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Towards a Well-being Model for Aboriginal and Torres Strait Islander Peoples Living with Chronic Disease

The cost of providing health care to people with chronic diseases continues to rise. Current chronic disease care implemented in primary health care settings focuses on efficient use of resources, safety and quality of health services, teams of providers and well informed and involved patients. The role of culture and family in maintaining a person’s well-being are rarely considered. Findings from the Kanyini Qualitative Study, however, have raised important questions about what care means, and how Aboriginal and Torres Strait Islander peoples experience life-long illness.

A study is underway to develop the framework for a “Well-being Model” which aims to improve quality of care, health outcomes and importantly the quality of life for Aboriginal and Torres Strait Islander people living with a chronic disease.

Wellbeing Model FrameworkImportantly, a National Reference Group has already been formed to
guide the development of this Well-being Model framework.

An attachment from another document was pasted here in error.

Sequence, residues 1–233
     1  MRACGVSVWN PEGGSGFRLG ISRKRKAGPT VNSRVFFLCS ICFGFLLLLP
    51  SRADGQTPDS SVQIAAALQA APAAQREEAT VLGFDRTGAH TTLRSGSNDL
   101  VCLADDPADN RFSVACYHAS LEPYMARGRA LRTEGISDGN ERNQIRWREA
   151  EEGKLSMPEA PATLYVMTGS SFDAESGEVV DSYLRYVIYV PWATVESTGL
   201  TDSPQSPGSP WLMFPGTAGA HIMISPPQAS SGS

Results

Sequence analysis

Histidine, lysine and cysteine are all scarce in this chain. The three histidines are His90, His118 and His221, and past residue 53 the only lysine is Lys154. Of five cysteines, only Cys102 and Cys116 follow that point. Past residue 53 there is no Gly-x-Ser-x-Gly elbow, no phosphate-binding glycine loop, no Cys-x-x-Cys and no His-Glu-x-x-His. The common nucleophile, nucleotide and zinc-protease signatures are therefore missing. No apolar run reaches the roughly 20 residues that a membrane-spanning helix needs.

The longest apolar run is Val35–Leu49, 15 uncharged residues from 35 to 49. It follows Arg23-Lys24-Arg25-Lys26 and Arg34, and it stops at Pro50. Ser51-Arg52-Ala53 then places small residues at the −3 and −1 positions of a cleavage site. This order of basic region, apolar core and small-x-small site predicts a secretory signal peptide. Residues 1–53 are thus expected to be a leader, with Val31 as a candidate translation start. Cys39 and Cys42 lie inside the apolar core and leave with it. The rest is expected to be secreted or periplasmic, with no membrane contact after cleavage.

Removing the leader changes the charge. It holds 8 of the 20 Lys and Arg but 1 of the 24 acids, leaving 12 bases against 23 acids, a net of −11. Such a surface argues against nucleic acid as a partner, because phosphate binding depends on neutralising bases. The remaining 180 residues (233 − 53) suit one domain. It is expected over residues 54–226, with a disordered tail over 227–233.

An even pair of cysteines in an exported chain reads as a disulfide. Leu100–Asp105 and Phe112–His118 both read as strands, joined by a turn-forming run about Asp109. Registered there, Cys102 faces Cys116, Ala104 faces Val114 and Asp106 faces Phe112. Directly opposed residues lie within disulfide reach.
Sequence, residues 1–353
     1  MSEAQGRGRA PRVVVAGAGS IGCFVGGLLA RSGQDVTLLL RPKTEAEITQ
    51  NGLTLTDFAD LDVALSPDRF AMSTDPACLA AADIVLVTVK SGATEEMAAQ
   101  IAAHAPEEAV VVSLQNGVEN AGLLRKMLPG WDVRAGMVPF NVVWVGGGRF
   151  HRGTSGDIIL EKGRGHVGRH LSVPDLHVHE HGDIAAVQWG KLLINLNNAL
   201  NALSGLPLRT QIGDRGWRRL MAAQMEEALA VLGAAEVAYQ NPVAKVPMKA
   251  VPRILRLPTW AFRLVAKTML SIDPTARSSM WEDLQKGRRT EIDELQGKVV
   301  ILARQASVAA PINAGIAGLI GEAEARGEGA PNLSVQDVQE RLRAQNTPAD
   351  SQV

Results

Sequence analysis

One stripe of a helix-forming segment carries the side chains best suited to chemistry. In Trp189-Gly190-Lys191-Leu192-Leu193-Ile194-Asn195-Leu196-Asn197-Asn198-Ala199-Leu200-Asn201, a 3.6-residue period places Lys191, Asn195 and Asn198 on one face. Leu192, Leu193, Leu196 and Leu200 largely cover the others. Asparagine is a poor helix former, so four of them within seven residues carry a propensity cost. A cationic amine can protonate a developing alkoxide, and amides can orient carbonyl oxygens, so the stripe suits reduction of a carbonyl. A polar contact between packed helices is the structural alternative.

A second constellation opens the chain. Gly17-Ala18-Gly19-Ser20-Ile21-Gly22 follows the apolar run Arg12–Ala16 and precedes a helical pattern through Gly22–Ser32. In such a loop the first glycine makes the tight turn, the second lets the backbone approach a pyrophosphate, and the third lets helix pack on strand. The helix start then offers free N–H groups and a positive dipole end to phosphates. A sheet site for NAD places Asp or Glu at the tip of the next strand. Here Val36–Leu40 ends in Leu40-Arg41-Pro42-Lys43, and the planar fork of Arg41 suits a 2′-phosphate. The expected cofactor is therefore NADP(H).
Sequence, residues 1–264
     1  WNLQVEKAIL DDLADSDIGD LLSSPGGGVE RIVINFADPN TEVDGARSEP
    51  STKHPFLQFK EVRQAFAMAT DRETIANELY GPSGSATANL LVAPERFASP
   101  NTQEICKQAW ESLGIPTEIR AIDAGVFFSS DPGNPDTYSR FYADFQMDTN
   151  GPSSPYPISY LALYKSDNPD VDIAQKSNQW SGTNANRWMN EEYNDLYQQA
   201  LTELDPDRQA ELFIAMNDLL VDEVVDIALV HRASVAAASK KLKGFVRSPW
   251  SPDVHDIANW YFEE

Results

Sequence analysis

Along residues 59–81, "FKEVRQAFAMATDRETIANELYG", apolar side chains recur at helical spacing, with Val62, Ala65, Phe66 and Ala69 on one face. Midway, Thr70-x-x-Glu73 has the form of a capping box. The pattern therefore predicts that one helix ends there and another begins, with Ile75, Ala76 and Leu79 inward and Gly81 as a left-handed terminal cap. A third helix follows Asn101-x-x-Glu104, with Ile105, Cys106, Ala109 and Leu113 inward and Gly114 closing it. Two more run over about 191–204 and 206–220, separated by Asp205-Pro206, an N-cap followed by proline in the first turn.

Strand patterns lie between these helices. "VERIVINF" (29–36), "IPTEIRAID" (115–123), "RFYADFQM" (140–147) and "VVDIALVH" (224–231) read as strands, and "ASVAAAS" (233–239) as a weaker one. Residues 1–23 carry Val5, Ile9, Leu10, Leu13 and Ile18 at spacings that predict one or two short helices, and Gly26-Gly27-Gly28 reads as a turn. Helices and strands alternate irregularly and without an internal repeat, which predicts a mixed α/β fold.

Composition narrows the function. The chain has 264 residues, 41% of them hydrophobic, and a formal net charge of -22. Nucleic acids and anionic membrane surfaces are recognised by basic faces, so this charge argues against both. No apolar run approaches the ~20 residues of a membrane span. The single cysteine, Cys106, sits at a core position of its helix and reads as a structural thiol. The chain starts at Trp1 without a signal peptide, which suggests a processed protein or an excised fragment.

The study comprises three stages:

Stage 1
  • Establish the National Reference Group
  • Review literature pertaining to current methods of managing chronic disease
  • Explore definitions of well-being for Aboriginal and Torres Strait Islander peoples
  • Review findings from existing and previous Kanyini Vascular Collaboration projects
Stage 2
  • Collect, interpret and summarise findings from Stage 1
  • Work with the National Reference Group to build agreement on the key elements to be included in the framework
Stage 3
  • Develop the draft framework
  • Seek feedback from Aboriginal and Torres Strait Islander communities and primary healthcare providers
  • Work with the National Reference Group to build agreement on the final framework which will become the foundation for a Well-being Model for Aboriginal and Torres Strait Islander peoples living with chronic disease.

Moving Forward

Towards the end of this study, agreement on the development of specific resources for pilot implementation into sites will be sought. Once again, contributions in terms of advice from Aboriginal and Torres Strait Islander communities and primary health care providers will guide this further work.

More information

Dr Carol Davy
Research Fellow, Wardliparingga Aboriginal Research Unit, South Australian Health and Medical Research Institute
Email: carol.davy@sahmri.com
Phone: 881 284 220